Canada has a climate double standard. While land and water defenders face serious criminalization, repression, and police brutality, we're continuing to witness in Wet'suwet'en territory, corporationsbacked by the the Royal Canadian Mounted Police (RCMP)get away with breaking the law with impunity.
"This means that 4 times out of 5, the courts side with corporations and government rather than Indigenous claimants on land use cases."
The realities of this double standard have been highlighted by a groundbreaking report by the Yellowhead Institute on the use of injunctions. Yellowhead researchers found that 76 per cent of injunctions filed against First Nations by corporations were granted. Meanwhile, 81 per cent of injunctions filed by First Nations against corporations and 82 per cent of those filed against the government by First Nations were denied.
As the researchers write, "this means that 4 times out of 5, the courts side with corporations and government rather than Indigenous claimants on land use cases."
In Wet'suwet'en territory, injunctions have been used to clear people off their land and expedite Coastal GasLink's pipeline construction. Shiri Pasternak and Irina Ceric wrote in July 2020 that as solidarity blockades spread across the country last year, so too did the injunctions. There were 12 injunctionsall of them grantedto suppress the protests, blockades, and occupations that arose in solidarity with the Wet'suwet'en struggle. As Pasternak and Ceric pointed out, this demonstrates that "Canada is a smash-and-grab country for industry, revealing that historic incentives of colonialism are still alive and well today."
Today, Coastal GasLink continues to break the law with impunity. Even though it still lacks a key environmental authorization, the corporation is proceeding with the pipeline anyway. What's more, Coastal GasLink has been evicted from the territory in accordance with Wet'suwet'en law, but they refuse to leave.
But the RCMP, with the support of the B.C. and federal governments, is siding with the pipeline.
It's no wonder that the RCMP disregards the law in clearing Wet'suwet'en and other Indigenous peoples from their land. It is well documented that systemic racism permeates the RCMP to its core. The RCMP's actions in Wet'suwet'en territory are deeply rooted in that racism.
As Pam Palmater recently pointed out, "in December 2019 the United Nations Committee for the Elimination of Racial Discrimination (CERD) called on Canada to stop construction of the Coastal Gaslink pipeline, remove the RCMP and their weapons from Wet'suwet'en territory, protect Indigenous peoples from violence, and to respect Indigenous peoples' right to free, prior and informed consent."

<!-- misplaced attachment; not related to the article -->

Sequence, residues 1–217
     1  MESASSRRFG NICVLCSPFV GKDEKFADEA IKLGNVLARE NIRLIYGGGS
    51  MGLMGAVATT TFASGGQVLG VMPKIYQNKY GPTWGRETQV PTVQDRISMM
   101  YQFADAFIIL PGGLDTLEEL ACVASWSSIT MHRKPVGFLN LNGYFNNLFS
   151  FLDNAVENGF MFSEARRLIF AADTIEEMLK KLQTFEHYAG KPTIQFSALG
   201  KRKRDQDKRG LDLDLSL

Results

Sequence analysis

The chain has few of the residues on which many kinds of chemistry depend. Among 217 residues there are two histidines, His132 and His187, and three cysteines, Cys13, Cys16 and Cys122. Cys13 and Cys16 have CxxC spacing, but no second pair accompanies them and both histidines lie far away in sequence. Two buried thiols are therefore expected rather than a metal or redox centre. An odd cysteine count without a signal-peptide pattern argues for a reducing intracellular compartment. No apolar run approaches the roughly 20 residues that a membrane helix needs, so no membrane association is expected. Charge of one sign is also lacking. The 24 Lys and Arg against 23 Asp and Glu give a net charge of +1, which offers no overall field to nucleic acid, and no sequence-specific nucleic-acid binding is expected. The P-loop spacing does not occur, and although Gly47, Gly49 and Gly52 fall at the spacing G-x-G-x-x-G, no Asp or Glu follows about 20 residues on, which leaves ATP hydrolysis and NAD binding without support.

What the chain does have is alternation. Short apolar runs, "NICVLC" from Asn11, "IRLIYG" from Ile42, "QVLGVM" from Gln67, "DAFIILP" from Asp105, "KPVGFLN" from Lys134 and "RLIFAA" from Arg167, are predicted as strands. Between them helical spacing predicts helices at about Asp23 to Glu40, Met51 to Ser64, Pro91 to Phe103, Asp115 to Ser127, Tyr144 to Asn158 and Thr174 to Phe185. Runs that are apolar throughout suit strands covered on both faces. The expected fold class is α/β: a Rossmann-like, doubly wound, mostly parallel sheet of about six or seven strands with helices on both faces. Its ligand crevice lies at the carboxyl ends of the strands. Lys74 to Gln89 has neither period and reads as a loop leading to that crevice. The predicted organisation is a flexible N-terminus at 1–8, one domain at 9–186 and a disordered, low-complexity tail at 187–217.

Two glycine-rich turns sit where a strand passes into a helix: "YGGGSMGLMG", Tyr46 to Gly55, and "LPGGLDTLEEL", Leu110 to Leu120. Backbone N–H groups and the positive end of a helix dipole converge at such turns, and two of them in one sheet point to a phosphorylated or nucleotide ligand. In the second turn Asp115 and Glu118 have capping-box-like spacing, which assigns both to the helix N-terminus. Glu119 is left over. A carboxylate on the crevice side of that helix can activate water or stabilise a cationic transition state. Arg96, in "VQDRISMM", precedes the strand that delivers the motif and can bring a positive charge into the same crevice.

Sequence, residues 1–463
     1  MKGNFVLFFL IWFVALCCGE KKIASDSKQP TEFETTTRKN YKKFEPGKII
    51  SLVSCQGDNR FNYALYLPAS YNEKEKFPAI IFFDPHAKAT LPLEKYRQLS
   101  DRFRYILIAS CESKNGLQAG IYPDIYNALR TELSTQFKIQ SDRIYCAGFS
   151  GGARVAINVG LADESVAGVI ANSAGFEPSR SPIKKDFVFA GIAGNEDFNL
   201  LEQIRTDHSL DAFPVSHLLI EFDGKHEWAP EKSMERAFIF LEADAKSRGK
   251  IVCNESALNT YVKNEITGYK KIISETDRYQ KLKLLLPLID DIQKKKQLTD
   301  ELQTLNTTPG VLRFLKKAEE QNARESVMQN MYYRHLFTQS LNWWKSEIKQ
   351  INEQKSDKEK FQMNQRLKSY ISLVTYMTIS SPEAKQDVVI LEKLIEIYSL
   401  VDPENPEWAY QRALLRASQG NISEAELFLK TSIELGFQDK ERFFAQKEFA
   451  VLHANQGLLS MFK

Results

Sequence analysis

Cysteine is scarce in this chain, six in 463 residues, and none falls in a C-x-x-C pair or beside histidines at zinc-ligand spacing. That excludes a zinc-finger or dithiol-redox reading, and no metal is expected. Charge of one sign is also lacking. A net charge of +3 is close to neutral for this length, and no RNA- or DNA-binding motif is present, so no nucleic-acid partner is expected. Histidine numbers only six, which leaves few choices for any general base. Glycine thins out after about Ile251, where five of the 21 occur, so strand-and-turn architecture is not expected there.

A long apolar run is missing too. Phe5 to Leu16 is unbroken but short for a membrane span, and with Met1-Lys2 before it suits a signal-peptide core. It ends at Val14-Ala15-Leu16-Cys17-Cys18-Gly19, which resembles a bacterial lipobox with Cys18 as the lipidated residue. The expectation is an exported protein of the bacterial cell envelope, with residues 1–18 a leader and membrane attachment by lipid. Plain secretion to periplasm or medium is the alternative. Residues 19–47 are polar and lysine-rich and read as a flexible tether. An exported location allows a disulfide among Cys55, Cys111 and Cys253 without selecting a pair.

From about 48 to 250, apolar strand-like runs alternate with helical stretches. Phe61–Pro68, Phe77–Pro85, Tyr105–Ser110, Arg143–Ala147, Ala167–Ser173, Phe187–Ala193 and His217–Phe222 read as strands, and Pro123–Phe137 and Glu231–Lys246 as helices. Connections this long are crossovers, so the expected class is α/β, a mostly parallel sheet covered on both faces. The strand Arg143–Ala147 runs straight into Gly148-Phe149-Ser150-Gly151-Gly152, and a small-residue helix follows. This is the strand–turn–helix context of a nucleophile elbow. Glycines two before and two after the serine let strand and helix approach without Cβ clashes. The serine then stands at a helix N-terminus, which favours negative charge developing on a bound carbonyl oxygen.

Despite this, she continues, "weeks later, the RCMP engaged in a campaign of forced removals and arrests along the pipeline route."
Meanwhile, RCMP officers routinely break the law with impunity. The RCMP's use of exclusion zones in Wet'suwet'en territory have been unlawful. And despite a B.C. Court judge ordering the RCMP not to interfere with media access to ongoing protests like Fairy Creek this past summer, the RCMP arrested journalists at the Wet'suwet'en camp anyway.
The forced relocation of Indigenous peoples from their land is a violation of the United Nations Declaration on the Rights of Indigenous Peoples (UNDRIP). And the RCMP violated the right to water of land defenders at the Wet'suwet'en's Coyote Camp by intentionally eliminating their water supply. That the RCMP officer who drained the camp's water supply can be seen on the video footage visibly enjoying doing so is just one more example of the RCMP's racism in Wet'suwet'en territory.
The RCMP, racism, and resource extraction go hand in hand.
As Gidimt'en checkpoint recently wrote, "in the middle of a climate emergency, as highways and roads are being washed away and entire communities are being flooded and evacuated, the province has chosen to send busloads of police to criminalize Wet'suwet'en water protectors and to work as a mercenary force for oil and gas."
It's a whole other level of perverse that the B.C. and federal governments have supported yet another violent invasion of Wet'suwet'en territory, the third in three years, when they should be focusing on dealing with the ongoing flooding disaster in the province, brought on by pipelines like Coastal GasLink.
But we shouldn't be surprised. This is textbook shock doctrine, used to advance corporate interests at the expense of people, communities, and the climate.
The Wet'suwet'en people aren't only defending their land; they're defending our collective future from another pipeline that our climate can't afford. And we must continue to organize in solidarity with Wet'suwet'en until the Coastal GasLink pipeline is cancelled once and for all.